Christopher Nolan may be in line for Oscar gold this Sunday, but he’s already swimming in gold thanks to a reportedly lucrative deal for “Oppenheimer.”

According to a report in Forbes, Nolan made an estimated $72 million, pre-taxes, on the enormous success of “Oppenheimer.” They’re also suggesting that’s the net total, and that he really earned $85 million but is subtracting the amount he would pay to his agents and lawyers. That is a staggering number and near unheard of in Hollywood except for the absolute top echelon of movie stars and filmmakers.

Forbes reported that Universal as part of its deal to win the rights to “Oppenheimer” agreed to give Nolan 15 percent of first-dollar gross on the film, which means he gets a share of everything the movie earns even before the studio recoups its expenses. They claim he originally asked for 20 percent, but settled on 15, and the remaining five percent could have gone to Emma Thomas, Nolan’s wife and long-time producing partner, as part of her deal.

The article also explains that when it comes to first-dollar gross deals, any fees you earn upfront act as an advance on your back-end participation. So Nolan, in order to remain under the movie’s $100 million budget (a small budget compared to what he’s previously commanded), even reduced his own directing, writing, and producing fees on “Oppenheimer” so he could maximize what he earned on the back end. He made the right call.

Forbes’ calculation comes from the $957 million “Oppenheimer” made at the global box office, but it also factors in what Nolan would get from home video sales through Blu-Ray or PVOD and for licensing it to streaming (in this case Peacock), both of which are numbers that aren’t public. Forbes didn’t break down their math, but it assumes half of the box office goes to movie theaters (it could be less of a profit share in that opening weekend), so half of $478.5 million multiplied by .15 already gets you to roughly $72 million. Factor in everything else for home video and streaming licensing, and yeah, we can see how that number adds up quick.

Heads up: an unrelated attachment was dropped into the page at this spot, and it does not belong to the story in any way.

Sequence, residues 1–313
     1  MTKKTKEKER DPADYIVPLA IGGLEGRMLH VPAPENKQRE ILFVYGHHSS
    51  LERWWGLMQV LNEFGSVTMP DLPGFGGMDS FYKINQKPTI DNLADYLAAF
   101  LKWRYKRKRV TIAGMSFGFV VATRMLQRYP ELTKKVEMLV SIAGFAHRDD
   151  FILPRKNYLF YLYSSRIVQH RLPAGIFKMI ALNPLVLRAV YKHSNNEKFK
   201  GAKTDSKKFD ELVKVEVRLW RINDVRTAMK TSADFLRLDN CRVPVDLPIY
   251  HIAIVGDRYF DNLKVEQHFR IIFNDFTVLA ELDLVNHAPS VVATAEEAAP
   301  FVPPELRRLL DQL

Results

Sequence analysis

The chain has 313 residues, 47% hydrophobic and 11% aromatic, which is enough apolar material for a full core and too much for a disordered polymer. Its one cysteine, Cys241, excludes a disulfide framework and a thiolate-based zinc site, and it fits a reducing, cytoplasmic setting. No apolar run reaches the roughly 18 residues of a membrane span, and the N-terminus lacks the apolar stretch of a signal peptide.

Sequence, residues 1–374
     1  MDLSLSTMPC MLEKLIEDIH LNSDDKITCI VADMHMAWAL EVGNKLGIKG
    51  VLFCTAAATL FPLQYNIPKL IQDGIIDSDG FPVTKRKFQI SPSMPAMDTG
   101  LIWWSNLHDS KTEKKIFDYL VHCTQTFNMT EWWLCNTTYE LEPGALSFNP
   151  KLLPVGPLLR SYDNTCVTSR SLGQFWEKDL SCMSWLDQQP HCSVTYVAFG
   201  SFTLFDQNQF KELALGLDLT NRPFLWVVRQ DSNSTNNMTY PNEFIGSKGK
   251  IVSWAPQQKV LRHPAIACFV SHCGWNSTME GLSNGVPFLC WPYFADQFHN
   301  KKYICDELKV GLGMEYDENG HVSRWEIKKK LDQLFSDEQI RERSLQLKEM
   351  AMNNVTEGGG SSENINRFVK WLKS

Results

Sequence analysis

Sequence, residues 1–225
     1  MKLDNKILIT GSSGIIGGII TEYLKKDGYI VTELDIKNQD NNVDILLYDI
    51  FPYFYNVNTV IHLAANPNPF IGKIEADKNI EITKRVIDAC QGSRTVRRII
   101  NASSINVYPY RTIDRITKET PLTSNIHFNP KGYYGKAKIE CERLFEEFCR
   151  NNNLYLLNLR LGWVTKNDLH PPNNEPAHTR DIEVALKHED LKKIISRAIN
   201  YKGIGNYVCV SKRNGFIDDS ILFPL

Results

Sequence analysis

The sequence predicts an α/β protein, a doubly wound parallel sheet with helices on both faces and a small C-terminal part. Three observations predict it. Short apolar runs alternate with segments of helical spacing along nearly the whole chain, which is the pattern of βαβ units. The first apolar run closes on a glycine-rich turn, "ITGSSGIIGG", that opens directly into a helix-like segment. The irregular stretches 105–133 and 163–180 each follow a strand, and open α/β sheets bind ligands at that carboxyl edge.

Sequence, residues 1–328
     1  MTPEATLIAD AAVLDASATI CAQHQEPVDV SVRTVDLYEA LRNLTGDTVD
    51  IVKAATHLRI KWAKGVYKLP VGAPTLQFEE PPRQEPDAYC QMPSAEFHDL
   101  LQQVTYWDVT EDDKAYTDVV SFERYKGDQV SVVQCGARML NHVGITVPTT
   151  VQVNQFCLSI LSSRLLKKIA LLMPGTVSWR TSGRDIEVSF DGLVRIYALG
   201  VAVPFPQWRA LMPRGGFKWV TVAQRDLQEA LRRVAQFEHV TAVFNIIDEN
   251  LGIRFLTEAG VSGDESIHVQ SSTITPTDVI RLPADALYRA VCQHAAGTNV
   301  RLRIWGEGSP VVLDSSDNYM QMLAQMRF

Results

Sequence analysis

Universal did not respond to a request for comment. An agent rep for Nolan had no comment.

As Forbes notes, first-dollar gross deals are nearly unheard of today for most stars, though Forbes says Tom Cruise got 12.5 percent for the last “Mission: Impossible” movie, and even for directors, only top earners like Steven Spielberg, James Cameron, and Peter Jackson can command such authority. There’s no doubt Nolan is in that group, and if he wins the Oscar for Best Director, he’ll be able to do whatever and get whatever he wants for his next movie.

Universal’s deal with Nolan wasn’t notable just because of the dollar value. Nolan also negotiated a lengthy theatrical window for “Oppenheimer,” he fought for three weeks of exclusivity in IMAX theaters (much to the chagrin of Cruise), and he even got Universal not to release anything in the few weeks before and after “Oppenheimer” to give it a long runway (though that didn’t stop “Barbie” from latching on to that same date).

Universal was able to wrestle Nolan away from his long-time home at Warner Bros. after the now former regime at the studio launched its Project Popcorn experiment during the pandemic. The studio decided to put all of its 2021 movies into theaters and onto HBO Max day-and-date as a means of both supplying a stream of content to theaters during the pandemic but also to boost HBO Max subscribers. Nolan made his frustration known, all this after he pushed to have Warner Bros. release “Tenet” in theaters in 2020 (it still grossed $365 million globally), and his run of films with WB was done.

Nolan did say that with the new film team in charge at WB, the whole thing is water under the bridge. But even with such a filmmaker-friendly arrangement, Universal won’t let him go so easily for whatever Nolan’s next movie turns out to be.

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